Allergic fungal sinusitis (AFS)

Author: V. Dimov, M.D., Allergist/Immunologist and Assistant Professor at University of Chicago
Reviewer: S. Randhawa, M.D., Allergist/Immunologist and Assistant Professor at LSU (Shreveport) Department of Allergy and Immunology

Allergic fungal sinusitis is a chronic hyperplastic sinusitis with eosinophilic inflammation. It is associated with fungal allergens. The pathologic features are similar to allergic bronchopulmonary aspergillosis (ABPA). 5%-10% of patients with chronic rhinosinusitis who require surgery have AFS.

Causative fungi include Bipolaris, Curvularia, Alternaria, Drechslera, Helminthosporium, Fusarium, and Aspergillus. The most common cause of AFS is Bipolaris.

Clinical features of AFS

The typical typical patient is a young adult with a history of allergic rhinitis/chronic sinusitis which is refractory to therapy. Nasal blockage becomes worse as nasal polyps enlarge. CT of sinuses shows extensive mucosal disease with complete sinus opacification. There may be blood eosinophilia and elevated serum IgE.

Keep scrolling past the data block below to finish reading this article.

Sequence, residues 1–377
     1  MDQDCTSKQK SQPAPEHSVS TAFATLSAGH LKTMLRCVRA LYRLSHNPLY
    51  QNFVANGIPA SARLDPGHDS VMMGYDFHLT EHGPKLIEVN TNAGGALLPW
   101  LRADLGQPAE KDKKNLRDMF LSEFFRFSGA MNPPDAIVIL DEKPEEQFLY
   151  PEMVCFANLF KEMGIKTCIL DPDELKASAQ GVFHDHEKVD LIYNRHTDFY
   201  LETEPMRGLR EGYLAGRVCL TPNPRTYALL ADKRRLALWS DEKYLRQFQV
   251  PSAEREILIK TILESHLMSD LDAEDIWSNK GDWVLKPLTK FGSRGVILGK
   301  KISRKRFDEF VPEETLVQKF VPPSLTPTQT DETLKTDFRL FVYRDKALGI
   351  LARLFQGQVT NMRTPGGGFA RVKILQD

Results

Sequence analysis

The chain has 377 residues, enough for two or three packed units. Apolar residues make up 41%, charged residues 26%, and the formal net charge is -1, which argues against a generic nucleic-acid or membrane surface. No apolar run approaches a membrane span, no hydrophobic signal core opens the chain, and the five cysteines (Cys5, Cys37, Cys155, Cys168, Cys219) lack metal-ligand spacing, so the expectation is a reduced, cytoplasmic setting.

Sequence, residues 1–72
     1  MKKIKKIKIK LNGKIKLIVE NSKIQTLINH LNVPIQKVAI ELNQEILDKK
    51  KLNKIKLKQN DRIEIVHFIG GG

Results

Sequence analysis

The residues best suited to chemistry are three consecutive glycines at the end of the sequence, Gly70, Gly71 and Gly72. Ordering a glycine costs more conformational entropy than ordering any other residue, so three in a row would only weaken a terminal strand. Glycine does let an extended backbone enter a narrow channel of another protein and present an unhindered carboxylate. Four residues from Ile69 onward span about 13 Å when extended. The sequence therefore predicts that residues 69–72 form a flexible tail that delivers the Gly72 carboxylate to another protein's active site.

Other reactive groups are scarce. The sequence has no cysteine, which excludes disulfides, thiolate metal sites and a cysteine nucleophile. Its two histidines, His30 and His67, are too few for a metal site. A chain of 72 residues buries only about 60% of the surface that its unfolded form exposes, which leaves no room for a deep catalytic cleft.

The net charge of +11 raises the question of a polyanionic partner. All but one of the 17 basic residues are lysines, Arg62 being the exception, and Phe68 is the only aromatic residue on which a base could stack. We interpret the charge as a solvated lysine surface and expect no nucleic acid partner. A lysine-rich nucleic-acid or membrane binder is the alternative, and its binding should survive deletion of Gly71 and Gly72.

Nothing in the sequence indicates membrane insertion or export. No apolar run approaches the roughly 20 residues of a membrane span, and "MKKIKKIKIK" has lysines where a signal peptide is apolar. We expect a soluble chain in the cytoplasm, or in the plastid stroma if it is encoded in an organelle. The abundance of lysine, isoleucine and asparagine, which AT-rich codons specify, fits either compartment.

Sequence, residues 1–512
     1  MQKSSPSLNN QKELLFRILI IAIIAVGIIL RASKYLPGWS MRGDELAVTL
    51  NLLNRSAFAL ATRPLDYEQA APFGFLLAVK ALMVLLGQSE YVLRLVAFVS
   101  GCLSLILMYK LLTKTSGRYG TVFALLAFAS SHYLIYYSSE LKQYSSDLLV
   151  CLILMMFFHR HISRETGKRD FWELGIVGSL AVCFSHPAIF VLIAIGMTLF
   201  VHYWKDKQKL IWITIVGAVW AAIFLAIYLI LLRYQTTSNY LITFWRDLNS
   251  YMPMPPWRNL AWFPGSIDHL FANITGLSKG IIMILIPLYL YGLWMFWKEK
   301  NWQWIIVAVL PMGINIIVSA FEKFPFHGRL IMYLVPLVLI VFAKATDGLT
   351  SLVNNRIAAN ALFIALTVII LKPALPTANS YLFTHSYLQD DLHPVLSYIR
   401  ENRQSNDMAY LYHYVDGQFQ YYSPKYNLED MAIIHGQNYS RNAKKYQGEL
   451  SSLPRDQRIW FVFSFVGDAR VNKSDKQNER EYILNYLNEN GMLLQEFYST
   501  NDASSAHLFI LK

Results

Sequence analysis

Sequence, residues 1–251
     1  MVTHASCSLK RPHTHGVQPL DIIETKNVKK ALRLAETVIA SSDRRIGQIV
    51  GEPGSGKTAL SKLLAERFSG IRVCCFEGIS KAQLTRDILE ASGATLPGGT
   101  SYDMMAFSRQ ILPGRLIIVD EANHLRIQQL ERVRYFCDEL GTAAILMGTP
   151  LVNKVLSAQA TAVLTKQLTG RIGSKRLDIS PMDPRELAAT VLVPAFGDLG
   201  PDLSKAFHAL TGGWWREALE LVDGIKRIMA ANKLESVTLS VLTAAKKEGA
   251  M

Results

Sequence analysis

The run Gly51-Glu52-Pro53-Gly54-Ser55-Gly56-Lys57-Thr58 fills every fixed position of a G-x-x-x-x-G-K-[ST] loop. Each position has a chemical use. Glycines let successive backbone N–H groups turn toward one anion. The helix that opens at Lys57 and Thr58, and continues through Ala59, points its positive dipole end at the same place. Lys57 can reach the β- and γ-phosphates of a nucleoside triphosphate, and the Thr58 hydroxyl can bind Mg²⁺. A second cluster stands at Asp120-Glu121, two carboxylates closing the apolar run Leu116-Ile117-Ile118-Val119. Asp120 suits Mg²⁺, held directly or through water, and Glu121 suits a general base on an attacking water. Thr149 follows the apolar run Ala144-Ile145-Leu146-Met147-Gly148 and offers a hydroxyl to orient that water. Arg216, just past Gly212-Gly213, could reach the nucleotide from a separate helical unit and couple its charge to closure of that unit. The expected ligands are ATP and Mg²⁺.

Diagnostic criteria for AFS:

1. chronic sinusitis of at least 6 months with CT or MRI findings
2. nasal polyps
3. typical allergic mucin found at sinus surgery, with absence of tissue invasion
4. fungus in allergic mucin - histopathology/culture

Allergic mucin is often described as "peanut butter".

Treatment of AFS

Treatment consists of of surgical debridement and oral steroids.

Oral corticosteroids are usually initiated before surgery and are for three to four weeks postoperatively.

Antifungal agents have not been shown to significantly modify clinical course.

AFS is a chronic condition that requires life-long therapy. AFS recurrence varies in the range of 10-90%.

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Published: 05/09/2010
Updated: 03/09/2011

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